Tuesday, October 27, 2009

The two places that i am going to mention in this post are rarely visited. This may be due to two reasons, lack of information and reaching the place may be dangerous as not many people venture out there..

However, behind the elephant’s stable, there is a plantain grove. There is a small gate made of wood right next to the stable. We need to go through the gate and  cross the grove. It isDSC01133 a nice walk of nearly two kilometres under the trees. We then reach an open field filled with thorny bushes. Just at a distance we see a small ruined Siva temple. We can recognize it as a Siva temple only on the basis of the construction and the carvings on its pillars. 200 yards from the Siva temple, we come to the Parsvanatha Temple. A watchman of the Archaeological Survey of India lead me to this place based on my enquires in their office about the place.

Parsvanatha Temple: Another example of the religious tolerance and respect, this Jain temple was consecrated sometime in the 15th century by Sri Krishnadevaraya. There is an inscription in the temple confirming this point. One can easily recognize a Jain temple of the olden days. Their roof is flat; they have pillars similar to Siva shrine, but the design is very simple. DSC01143

The Parsvanatha temple seems a very simple shrine from outside. It has a big entrance and there is a pillared hall and a small room before the inner sanctum. The pillars are normal without any carvings on it, a typical feature of a Jain Temple. The small hall is very dark with a platform on either side with small caveats to hold idols. The inner sanctum has a stone pedestal for the idol, which of course is missing.

Although there are only two Jain temples in the Hampi area, the inscriptions suggest that the people of Hampi were not only ardent believers of non - violence, but also respected and followed them.

Moving on further, there is another plantain grove through which we need to pass. Just after we reach the clearing, there is a Vishnu temple which is totally in ruins now. But it must be a well maintained temple in the olden days, considering the size of the doors and the halls inside. This temple has three halls before the inner sanctum and excavation work is still going on inside. The inner walls of the temple have good designs carved on them. Moving further into the thorny open land we see a small temple and beside it, is the important place i was talking about.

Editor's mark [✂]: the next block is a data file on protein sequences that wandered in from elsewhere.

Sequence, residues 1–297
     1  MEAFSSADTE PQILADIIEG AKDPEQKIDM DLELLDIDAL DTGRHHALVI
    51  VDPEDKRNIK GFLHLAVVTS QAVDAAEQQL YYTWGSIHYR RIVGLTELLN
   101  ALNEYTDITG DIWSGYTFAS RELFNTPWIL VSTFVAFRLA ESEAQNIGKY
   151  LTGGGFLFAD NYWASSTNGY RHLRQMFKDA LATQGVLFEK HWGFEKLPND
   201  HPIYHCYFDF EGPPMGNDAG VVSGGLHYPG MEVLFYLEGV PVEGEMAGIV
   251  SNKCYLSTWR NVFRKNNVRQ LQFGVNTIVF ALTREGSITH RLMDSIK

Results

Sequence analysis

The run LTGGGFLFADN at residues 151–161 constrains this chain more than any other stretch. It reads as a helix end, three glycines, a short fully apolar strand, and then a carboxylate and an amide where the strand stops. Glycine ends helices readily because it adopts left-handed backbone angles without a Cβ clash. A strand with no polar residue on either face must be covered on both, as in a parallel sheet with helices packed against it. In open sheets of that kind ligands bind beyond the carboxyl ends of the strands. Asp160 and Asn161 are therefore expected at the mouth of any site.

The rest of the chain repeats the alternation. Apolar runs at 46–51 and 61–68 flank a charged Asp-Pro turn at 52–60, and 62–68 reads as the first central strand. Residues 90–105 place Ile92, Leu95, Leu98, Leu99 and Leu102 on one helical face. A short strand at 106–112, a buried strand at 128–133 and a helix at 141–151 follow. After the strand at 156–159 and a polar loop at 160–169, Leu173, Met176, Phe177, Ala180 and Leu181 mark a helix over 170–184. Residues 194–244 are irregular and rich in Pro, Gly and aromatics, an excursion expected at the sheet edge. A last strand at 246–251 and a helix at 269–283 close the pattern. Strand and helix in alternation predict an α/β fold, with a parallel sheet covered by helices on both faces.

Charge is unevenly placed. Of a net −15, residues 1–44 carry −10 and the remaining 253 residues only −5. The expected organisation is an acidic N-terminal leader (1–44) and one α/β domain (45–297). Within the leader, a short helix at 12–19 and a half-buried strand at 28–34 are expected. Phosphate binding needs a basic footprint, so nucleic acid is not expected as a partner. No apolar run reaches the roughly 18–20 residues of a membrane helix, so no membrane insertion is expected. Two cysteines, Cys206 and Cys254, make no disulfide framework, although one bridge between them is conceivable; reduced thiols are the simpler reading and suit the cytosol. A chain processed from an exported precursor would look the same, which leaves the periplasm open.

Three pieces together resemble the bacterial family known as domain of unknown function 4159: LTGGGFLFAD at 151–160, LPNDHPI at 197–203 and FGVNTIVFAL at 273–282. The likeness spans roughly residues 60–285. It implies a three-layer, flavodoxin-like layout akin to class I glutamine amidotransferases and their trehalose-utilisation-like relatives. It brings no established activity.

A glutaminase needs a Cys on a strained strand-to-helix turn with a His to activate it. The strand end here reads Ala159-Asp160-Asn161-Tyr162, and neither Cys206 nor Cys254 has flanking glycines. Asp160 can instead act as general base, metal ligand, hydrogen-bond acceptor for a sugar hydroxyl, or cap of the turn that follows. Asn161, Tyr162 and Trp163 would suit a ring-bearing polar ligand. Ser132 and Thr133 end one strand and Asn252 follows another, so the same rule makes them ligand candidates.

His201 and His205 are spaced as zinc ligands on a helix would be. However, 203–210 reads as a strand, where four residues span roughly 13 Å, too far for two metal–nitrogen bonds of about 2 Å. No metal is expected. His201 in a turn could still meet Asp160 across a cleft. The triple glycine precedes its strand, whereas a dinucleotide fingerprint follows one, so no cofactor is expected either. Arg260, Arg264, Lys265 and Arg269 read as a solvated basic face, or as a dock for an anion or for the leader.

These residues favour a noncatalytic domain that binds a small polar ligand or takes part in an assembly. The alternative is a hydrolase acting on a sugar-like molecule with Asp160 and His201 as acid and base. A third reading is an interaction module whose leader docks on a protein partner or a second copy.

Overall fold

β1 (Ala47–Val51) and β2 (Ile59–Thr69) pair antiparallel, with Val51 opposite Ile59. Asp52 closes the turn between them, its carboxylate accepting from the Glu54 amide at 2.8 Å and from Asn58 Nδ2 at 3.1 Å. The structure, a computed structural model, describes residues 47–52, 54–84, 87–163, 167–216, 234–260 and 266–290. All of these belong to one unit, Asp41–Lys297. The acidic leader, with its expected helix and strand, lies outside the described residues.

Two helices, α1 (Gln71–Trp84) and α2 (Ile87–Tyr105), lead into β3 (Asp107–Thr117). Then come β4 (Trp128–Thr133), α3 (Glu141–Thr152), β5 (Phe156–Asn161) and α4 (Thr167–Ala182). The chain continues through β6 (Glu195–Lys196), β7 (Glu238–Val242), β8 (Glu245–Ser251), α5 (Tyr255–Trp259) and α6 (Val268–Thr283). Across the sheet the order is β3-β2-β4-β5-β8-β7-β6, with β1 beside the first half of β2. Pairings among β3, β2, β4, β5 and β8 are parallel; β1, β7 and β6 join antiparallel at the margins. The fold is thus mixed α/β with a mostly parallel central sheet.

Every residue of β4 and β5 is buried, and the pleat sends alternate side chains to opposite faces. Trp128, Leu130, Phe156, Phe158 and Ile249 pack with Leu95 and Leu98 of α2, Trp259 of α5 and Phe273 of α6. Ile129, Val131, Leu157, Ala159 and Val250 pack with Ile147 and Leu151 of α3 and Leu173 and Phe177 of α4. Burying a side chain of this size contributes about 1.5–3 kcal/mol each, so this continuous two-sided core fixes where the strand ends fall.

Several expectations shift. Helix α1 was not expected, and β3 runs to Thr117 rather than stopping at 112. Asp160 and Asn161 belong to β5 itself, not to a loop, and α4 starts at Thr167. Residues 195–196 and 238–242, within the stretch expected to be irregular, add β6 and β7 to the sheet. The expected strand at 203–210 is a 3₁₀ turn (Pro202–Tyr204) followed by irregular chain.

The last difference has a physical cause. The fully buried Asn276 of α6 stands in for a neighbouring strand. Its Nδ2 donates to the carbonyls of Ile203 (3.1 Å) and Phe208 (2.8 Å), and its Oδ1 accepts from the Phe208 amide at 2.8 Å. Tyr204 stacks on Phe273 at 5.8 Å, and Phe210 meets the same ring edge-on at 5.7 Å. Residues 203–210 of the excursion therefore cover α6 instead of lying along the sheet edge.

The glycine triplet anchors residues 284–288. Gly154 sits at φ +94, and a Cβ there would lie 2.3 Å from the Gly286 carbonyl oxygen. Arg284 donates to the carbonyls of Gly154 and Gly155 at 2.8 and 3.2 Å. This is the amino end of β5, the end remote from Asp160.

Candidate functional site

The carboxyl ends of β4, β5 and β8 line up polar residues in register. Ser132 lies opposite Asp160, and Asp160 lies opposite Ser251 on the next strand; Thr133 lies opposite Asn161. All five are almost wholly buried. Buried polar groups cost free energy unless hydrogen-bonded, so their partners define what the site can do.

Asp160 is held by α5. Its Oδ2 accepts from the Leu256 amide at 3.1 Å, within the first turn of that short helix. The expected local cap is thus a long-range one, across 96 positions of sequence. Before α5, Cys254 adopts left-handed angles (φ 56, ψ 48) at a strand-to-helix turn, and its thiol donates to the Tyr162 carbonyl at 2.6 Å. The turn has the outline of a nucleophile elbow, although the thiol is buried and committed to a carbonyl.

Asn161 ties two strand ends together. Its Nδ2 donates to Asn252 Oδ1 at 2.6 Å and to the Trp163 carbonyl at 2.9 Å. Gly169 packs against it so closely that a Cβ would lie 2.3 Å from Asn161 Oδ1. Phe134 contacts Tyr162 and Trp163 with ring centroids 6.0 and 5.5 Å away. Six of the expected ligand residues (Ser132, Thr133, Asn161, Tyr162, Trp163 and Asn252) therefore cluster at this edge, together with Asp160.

Srinagarada Hebbagilu: As the name suggests (Hebbagilu means main door), this is one of the entrances to the Vijayanagar empire. It is large with raised platforms. This entranceDSC01155 should have been well protected. There are fortified walls on the inner side of the entrance on both the sides making it a pathway with walls on either side. There are platforms on either side of the entrance for the soldiers to guard. The doors must have been really huge and of stone. The whole entrance structure is plain except for a few carvings. 

There are no other temples outside of the entrance and you can find small pillared halls in the rocky hills nearby. They should have been used by the travellers or shepherds. One beautiful thing that we see are three small stone huts made on the top of a distant hill. Even though there are smaller shrines on the inside, they are in complete ruins and should be avoided for fear up reptiles.

Any trip to Hampi should not be completed without visiting this place, as it gives a lot of pleasure to visit the main entrance of the mighty kingdom.

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We turn back and move along the same path till we reach the elephant stable. We take a small left turn and from there we can reach the beginning of the Temple Street, which is the Ranga Temple.


Manus said...

great work man appriciated ...usefull informations what i was serching from long back thankyou

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